It’s hard not to love our own, and that includes this province’s special dog breeds. From the furry and heroic Newfoundland to the friendly companion to all, the Labrador Retriever, what’s not to love and be proud of?
Whenever we are out and about, it’s natural to gravitate towards one for a picture and a ‘hey buddy’ ear scratch. But then I’m what would be considered a dog person. There were dogs in my family before kids. Sure, I grew up part of a litter with Dad’s hunting dogs around.
Fetches & Rewards
Blackie. Brownie. Coco. Bouncey. Jingle. Lady. All dogs of my childhood, not to mention their many pups born over the years while I was wide eyed right in the midst of it all.
There’s nothing like a sick day on the sofa when you have a dog. Maybe they somehow sense you are in need, or perhaps it’s just a warm body staying still so finding a comfy spot in the crook of a knee is easy pickings. Whatever the reason, sick and still meant being coated in a loving blanket of dog fur.
And when well? There’s nothing like a dog when you live in the country near water. Our dogs towed our dinghies doggie paddle style and chased us through the garden. They kept up on our bikes, bounced behind our slides, fetched our batted balls, greeted us at the bus stop and, occasionally, barked away the neighbourhood boys who annoyingly tried to mess with our girlie games.
I used one of our dogs as a pillow while watching Sesame Street for years. I rewarded him. My poor mother always wondered what happened to the sliced cheese she stocked up on. The dog loved them.
As the family grew, so did the family pets. Dusty Dog, Angel, Shazbot and a little Japanese spaniel called Amos Moses. There were lots of legs around our table each evening, let me tell you.
Growing up with a dog teaches so many valuable lessons. Compassion for one thing. The joy I witnessed when they saw me coming with food and water was such a high; queen of the doggie dish! Being a dog owner also taught me about life and death and everything in between.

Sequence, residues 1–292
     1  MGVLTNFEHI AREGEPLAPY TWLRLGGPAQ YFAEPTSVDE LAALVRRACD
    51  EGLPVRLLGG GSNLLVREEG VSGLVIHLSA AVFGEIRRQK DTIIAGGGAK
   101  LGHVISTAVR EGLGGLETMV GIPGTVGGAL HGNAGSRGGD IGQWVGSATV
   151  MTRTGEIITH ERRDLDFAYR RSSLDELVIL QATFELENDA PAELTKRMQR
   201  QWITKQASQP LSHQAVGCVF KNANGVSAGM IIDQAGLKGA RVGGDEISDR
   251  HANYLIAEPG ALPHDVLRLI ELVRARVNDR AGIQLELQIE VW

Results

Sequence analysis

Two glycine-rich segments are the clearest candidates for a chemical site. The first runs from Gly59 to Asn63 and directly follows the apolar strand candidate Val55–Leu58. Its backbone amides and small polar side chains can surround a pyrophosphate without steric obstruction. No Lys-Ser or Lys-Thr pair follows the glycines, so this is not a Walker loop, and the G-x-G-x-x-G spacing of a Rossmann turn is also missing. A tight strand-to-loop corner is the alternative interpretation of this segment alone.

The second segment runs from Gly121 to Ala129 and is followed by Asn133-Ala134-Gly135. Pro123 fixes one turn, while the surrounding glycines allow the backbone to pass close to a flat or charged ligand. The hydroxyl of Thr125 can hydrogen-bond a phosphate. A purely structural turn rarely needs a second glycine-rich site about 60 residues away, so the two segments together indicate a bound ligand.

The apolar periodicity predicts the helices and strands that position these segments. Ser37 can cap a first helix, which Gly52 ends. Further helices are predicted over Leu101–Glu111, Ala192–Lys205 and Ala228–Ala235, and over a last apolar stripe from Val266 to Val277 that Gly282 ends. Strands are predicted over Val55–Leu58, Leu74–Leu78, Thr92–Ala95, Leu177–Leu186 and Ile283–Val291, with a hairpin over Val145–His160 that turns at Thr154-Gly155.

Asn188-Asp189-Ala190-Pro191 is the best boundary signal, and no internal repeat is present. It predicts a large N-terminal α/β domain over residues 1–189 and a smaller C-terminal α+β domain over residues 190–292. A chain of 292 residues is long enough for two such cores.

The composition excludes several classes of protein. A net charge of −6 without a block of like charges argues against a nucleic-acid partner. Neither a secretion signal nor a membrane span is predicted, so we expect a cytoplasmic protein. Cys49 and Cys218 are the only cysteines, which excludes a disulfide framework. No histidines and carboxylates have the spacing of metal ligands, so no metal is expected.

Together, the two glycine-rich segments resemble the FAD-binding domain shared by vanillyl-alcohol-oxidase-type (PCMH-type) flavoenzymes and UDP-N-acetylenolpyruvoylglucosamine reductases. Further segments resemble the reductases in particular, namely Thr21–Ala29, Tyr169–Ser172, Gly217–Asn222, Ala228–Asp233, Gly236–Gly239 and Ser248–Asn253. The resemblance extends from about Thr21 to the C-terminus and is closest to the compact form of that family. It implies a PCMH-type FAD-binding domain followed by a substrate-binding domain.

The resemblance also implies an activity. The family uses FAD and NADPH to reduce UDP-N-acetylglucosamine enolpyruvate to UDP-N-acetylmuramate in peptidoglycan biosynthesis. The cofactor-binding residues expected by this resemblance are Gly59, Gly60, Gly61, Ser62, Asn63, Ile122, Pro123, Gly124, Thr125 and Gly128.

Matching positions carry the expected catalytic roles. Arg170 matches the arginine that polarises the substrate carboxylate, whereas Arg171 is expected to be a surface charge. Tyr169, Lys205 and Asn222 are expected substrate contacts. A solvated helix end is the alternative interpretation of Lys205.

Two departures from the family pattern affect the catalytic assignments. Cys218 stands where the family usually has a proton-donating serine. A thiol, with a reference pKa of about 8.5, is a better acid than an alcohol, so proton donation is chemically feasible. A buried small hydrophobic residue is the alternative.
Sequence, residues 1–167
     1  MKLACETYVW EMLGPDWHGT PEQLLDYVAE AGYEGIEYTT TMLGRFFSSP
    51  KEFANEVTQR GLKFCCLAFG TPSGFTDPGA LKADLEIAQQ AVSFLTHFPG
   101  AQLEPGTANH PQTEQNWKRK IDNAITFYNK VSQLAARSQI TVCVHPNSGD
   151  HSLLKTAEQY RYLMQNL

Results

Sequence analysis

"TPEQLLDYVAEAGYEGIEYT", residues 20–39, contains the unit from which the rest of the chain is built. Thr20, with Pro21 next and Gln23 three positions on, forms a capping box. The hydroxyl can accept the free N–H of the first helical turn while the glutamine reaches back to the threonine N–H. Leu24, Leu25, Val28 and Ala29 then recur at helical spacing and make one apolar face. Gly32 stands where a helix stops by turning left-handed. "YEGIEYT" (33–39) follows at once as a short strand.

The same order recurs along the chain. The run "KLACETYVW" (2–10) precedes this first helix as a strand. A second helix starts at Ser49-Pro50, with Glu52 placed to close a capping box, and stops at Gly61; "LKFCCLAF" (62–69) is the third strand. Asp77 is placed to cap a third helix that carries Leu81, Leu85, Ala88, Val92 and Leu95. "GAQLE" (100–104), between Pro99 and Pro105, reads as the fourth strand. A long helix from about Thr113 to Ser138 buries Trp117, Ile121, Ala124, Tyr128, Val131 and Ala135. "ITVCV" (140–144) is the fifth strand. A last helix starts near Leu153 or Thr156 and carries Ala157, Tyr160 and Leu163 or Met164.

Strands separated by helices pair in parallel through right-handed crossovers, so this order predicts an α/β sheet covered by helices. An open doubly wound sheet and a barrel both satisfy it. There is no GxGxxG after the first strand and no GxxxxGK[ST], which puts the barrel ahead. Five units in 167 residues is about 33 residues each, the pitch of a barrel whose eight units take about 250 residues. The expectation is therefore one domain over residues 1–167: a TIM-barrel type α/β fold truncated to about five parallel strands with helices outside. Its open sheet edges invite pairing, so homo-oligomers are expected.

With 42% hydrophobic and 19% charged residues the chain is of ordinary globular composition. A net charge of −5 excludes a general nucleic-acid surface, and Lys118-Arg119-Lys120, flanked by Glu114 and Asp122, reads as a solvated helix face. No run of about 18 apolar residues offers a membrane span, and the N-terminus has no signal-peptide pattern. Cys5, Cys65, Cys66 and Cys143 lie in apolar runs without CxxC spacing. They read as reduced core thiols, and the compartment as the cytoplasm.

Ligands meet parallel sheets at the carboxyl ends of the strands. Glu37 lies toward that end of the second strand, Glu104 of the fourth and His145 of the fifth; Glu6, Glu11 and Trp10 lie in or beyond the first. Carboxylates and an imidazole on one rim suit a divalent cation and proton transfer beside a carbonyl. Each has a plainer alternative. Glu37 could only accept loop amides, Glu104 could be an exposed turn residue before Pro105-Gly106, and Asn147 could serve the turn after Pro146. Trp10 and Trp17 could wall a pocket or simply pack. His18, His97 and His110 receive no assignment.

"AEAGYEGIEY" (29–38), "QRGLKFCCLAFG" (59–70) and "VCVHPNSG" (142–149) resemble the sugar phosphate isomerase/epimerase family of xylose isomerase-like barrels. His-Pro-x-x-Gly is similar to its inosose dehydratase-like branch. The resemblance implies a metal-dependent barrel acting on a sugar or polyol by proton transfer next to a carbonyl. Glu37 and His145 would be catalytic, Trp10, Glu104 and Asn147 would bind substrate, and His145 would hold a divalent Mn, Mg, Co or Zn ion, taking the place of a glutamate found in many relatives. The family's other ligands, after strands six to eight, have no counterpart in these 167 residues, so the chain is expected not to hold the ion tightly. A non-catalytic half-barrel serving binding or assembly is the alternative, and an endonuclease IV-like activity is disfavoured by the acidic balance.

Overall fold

I knew from about the age of five why Lady had to stay inside sometimes, and when she did get out and eventually laid off on dad’s snow pants, we knew to show her peaceful respect until those puppies came. You also learned about death. We came home to one less wet nose a time or two and we mourned. But we laughed most of all.
You can’t have dogs without having odd tales added to the family lore. Mom gave Amos the hug of life the day he choked on raw meat. She would have given him mouth to mouth had that not worked.
Angel once ate a full bucket of chicken dad had for supper. A lowered head and eyes told that tale. We still have dogs in our family. While I sometimes curse the monotony of dog ownership; feed, walk, poo pick up, repeat, I also love the sense of purpose and peace they provide.
On a sunny day, they stay close as I lounge or do yard work. On stormy ones, they curl up and keep my toes and heart warm.
On busy days, they keep the home homey, waiting patiently for family members to return so each can be showered with wiggly licks and love, which is the best part of a dog’s life I love being part of.
Pam Pardy Ghent, The Herald’s Managing Editor, can be reached by emailing [email protected]